Regulation of Innate and Adaptive Immunity by the Commensal Microbiota

Curr Opin Immunol. 2011 Jun;23(3):353-60. doi: 10.1016/j.coi.2011.03.001. Epub 2011 Apr 3.

Abstract

The microbial communities that inhabit the intestinal tract are essential for mammalian health. Communication between the microbiota and the host establishes and maintains immune homeostasis, enabling protective immune responses against pathogens while preventing adverse inflammatory responses to harmless commensal microbes. Specific bacteria, such as segmented filamentous bacteria, Clostridium species, and Bacteroides fragilis, are key contributors to immune homeostasis in the gut. The cellular and molecular interactions between intestinal microbes and the immune system are rapidly being elucidated. Here, we review advances in our understanding of the microbial populations that shape the mucosal immune system and create a protective defense that prevents infection while tolerating friendly commensals.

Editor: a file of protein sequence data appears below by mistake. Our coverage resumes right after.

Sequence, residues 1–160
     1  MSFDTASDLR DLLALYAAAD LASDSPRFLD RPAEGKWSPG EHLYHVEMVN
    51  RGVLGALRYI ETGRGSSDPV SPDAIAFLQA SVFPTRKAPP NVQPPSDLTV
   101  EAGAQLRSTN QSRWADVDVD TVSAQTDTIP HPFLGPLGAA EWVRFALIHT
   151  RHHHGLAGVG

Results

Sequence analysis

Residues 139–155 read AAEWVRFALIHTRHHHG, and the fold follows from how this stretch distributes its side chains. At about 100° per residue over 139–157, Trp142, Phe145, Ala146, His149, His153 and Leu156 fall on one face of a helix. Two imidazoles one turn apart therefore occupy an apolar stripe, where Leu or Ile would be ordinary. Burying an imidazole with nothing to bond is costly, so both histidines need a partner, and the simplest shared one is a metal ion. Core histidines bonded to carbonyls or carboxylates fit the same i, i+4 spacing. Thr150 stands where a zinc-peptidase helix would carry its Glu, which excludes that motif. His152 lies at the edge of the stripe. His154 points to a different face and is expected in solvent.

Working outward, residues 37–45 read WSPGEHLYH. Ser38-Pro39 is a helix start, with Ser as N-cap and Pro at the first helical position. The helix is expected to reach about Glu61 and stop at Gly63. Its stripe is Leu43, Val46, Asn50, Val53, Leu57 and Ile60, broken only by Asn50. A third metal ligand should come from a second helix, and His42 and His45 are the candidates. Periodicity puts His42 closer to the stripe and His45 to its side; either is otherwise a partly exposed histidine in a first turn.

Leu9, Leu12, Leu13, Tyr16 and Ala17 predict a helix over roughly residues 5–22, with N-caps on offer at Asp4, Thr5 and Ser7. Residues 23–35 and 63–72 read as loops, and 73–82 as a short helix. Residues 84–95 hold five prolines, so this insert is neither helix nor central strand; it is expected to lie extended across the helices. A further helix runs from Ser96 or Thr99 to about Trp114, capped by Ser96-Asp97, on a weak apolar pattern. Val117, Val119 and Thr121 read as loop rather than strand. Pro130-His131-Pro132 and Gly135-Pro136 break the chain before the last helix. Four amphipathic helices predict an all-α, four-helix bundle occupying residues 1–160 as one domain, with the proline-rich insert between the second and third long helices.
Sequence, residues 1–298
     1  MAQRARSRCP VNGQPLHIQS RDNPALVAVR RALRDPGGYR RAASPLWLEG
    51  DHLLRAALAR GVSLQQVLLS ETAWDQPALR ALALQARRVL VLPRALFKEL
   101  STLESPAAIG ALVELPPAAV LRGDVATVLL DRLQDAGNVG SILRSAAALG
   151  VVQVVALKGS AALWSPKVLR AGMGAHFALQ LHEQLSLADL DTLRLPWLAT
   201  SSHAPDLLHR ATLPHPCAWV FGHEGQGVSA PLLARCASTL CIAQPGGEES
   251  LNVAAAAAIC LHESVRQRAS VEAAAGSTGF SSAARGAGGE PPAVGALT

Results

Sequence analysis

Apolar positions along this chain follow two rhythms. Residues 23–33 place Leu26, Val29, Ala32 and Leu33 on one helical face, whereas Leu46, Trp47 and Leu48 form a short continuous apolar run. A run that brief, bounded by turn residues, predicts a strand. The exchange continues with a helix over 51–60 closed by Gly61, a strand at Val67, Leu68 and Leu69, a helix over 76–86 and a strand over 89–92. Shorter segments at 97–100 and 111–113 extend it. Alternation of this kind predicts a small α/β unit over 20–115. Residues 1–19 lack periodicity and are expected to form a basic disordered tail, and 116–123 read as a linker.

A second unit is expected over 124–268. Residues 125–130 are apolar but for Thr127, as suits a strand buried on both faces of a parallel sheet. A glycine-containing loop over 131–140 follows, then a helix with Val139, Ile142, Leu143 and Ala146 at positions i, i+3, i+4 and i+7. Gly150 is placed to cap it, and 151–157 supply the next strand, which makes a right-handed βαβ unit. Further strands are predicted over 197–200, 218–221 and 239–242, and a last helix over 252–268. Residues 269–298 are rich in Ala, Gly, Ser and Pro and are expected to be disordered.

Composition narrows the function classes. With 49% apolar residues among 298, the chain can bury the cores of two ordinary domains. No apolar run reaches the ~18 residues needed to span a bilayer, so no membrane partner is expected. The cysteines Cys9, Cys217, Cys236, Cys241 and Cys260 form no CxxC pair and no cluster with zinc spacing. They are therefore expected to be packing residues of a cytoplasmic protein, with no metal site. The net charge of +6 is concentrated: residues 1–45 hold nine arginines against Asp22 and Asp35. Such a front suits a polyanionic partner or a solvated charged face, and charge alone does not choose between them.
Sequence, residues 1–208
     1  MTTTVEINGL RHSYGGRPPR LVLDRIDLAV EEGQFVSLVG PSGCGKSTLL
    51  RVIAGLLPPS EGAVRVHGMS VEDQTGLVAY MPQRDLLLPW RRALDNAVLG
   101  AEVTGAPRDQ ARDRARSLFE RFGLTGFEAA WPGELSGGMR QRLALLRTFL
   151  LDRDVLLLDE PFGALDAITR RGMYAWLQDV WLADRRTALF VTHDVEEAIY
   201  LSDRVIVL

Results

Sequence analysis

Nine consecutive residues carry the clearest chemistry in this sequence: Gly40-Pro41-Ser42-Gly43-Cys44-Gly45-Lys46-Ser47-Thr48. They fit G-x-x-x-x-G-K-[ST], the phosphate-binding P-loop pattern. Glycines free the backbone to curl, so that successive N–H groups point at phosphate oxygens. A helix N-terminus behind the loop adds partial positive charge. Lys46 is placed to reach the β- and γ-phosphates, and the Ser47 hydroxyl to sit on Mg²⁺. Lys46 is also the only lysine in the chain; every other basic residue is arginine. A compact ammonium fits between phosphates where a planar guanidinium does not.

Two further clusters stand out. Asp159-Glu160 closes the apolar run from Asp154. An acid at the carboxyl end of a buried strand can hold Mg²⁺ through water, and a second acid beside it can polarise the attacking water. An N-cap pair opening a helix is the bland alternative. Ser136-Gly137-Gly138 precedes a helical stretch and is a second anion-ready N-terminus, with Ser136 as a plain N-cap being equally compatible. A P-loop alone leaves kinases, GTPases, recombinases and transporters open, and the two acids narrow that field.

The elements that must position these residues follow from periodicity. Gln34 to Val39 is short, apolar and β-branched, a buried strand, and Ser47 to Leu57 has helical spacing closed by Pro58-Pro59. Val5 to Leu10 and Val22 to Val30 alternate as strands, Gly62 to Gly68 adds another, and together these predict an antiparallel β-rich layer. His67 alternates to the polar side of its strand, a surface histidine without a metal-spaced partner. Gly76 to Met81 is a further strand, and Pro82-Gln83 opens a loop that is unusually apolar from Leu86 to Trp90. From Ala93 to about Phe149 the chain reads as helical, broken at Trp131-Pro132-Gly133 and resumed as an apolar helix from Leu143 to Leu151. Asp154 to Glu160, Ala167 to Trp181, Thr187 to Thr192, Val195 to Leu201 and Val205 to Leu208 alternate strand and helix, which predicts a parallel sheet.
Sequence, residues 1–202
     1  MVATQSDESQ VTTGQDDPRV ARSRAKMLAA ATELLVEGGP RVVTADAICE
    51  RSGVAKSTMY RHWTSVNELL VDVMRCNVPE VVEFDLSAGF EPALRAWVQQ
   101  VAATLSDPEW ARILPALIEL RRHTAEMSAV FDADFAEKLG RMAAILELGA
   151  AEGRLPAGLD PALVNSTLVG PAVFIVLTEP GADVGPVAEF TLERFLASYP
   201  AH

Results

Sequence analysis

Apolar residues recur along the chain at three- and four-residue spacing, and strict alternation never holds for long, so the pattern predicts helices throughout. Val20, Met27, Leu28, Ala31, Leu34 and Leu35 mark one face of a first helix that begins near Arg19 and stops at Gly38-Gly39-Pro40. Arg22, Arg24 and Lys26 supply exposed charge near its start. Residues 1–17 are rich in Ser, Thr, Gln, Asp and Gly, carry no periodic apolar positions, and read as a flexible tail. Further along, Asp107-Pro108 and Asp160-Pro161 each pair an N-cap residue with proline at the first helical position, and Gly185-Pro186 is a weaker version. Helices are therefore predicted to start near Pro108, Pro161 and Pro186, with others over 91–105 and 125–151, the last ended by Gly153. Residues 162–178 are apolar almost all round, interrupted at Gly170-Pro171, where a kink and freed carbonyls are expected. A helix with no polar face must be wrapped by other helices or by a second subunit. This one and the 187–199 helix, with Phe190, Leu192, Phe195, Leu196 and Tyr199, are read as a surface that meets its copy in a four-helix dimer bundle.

Publication types

  • Research Support, N.I.H., Extramural
  • Review

MeSH terms

  • Adaptive Immunity*
  • Animals
  • Bacterial Infections / immunology*
  • Bacterial Infections / microbiology*
  • Humans
  • Immune Tolerance
  • Immunity, Innate*
  • Lymphocytes / immunology
  • Metagenome*